In Comcast IP Holdings I, LLC v. Sprint Communications Company L.P., et al., C.A. No. 12-205-RGA (D. Del. Aug. 22, 2014), Judge Richard G. Andrews recently construed a single disputed term (“parsing”) found in U.S. Patent Nos. 7,012,916 and 8,204,046. The Court explained that “[u]ntil recently, the parties had agreed that ‘parsing’ had a plain and ordinary meaning,” but now had submitted competing constructions. Id. at 1. Having heard oral argument on this issue on August 20, the Court did not adopt either party’s construction in full, but its construction (“An automated process of analyzing a string according to a set of rules of a grammar”) was closer to what plaintiff had proposed. Id. at 3.
Judge Andrews recently issued a claim construction opinion in Alltech Associates., Inc. v. Teledyne Instruments, Inc., C.A. No. 13-425-RGA (D. Del. Aug. 25, 2014). The following terms from the plaintiff’s patents, U.S. Patent Nos. 8,115,930, 8,305,581, 8,305,582, and 8,314,934, were construed by the Court:
- “during a/the/said chromatographic run”
- “collecting the one or more components from the stream in a faction collector during the chromatographic run in response to a change in the composite signal during said chromatographic run”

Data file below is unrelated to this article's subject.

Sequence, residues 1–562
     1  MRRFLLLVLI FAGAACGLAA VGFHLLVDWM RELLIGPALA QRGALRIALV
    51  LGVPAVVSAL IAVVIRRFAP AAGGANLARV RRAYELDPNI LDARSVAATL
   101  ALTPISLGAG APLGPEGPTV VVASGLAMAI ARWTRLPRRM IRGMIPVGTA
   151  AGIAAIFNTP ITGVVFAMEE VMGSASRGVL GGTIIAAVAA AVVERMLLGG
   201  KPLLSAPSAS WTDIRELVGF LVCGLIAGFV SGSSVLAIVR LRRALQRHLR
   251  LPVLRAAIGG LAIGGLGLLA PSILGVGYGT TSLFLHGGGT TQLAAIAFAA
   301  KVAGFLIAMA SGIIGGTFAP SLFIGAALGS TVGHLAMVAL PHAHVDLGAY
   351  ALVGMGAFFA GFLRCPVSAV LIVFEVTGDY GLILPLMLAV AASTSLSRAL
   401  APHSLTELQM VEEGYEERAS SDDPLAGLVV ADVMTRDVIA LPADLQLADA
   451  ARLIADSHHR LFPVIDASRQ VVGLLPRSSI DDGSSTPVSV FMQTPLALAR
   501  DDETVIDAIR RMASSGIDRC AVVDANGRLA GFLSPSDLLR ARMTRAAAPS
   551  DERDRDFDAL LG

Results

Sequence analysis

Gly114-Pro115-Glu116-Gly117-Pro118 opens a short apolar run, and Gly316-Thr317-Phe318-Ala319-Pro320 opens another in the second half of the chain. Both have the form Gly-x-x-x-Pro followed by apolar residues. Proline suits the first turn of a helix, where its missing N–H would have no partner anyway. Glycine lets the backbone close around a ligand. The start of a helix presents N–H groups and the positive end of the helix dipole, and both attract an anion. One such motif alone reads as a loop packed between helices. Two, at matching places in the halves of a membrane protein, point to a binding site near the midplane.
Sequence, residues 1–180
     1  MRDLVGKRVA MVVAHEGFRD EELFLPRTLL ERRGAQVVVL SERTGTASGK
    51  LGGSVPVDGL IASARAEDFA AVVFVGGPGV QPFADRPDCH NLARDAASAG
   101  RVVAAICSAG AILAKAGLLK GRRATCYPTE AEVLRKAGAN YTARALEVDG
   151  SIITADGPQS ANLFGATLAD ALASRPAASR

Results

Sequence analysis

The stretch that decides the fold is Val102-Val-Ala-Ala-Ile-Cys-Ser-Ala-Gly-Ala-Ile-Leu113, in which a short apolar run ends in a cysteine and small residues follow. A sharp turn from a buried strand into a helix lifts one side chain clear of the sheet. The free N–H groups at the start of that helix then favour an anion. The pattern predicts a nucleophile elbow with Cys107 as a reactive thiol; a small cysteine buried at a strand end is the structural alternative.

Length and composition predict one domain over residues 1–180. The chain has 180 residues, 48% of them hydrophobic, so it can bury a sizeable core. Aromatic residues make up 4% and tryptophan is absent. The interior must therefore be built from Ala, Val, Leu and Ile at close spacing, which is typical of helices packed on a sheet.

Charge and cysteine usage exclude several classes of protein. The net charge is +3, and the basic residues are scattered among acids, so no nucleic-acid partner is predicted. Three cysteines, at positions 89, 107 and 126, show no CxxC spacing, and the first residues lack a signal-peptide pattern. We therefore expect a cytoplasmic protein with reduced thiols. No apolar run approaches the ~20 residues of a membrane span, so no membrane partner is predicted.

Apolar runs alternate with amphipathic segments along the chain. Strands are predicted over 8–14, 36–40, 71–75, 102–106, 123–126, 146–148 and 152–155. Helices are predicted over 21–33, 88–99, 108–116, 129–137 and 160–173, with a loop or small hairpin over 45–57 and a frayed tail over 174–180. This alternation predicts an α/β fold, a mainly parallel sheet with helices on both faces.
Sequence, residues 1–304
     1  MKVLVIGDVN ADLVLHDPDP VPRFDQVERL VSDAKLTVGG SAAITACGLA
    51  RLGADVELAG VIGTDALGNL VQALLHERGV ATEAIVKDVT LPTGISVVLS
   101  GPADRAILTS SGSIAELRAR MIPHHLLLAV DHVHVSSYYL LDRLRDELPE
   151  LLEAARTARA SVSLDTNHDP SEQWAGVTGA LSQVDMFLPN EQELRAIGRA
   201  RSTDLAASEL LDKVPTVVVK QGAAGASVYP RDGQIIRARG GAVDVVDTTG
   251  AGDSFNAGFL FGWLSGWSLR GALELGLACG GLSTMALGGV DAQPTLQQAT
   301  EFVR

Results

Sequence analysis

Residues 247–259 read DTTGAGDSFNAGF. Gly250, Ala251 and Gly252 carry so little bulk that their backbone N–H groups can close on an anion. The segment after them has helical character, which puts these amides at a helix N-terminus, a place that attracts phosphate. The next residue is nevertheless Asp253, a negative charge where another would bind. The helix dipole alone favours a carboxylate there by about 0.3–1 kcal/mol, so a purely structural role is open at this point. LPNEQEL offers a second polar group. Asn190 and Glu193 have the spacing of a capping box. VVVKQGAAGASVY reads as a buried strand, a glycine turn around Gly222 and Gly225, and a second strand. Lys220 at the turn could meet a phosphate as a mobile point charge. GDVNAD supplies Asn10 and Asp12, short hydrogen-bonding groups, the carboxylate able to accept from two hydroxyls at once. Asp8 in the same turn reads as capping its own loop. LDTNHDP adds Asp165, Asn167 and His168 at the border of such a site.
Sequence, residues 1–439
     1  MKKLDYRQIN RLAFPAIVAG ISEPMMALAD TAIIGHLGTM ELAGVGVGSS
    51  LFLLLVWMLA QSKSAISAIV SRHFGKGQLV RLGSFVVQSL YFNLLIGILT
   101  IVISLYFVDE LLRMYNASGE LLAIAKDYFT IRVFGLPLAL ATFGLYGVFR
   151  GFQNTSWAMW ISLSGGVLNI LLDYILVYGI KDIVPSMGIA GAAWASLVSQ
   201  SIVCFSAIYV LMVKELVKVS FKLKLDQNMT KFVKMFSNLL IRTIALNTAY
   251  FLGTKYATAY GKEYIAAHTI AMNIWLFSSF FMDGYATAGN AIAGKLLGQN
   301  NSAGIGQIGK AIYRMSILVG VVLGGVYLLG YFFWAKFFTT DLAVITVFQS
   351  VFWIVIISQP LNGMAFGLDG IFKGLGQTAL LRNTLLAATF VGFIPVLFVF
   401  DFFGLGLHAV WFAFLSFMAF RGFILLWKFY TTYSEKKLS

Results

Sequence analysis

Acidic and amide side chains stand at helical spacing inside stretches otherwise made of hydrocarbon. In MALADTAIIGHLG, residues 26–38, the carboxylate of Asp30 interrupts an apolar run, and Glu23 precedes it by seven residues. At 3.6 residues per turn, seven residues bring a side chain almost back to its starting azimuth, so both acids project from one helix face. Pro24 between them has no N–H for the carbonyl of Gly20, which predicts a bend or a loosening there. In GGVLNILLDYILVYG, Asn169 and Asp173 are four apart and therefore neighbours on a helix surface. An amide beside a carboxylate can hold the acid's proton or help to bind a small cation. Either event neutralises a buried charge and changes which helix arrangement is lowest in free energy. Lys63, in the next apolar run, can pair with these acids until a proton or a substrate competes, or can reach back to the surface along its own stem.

- “a fraction collector operatively adapted to collect a fraction in response to a change in the composite signal during said chromatographic run”
- “collecting the one or more components from the stream in a fraction collector during the chromatographic run in response to a change in at least one of said signals during said chromatographic run”
- “a fraction collector to collect at least one fraction corresponding to one of said components in response to a change in at least one of said signals during said chromatographic run”
- “composite signal”
- “actively controlling fluid flow”
- “active splitter”
- “actively moving”
The following terms from the defendant’s patents, U.S. Patents Nos. 7,419,598 and 8,414,773, were construed:
- “solvent-level indicating signal”
- “initiating a replenishment process”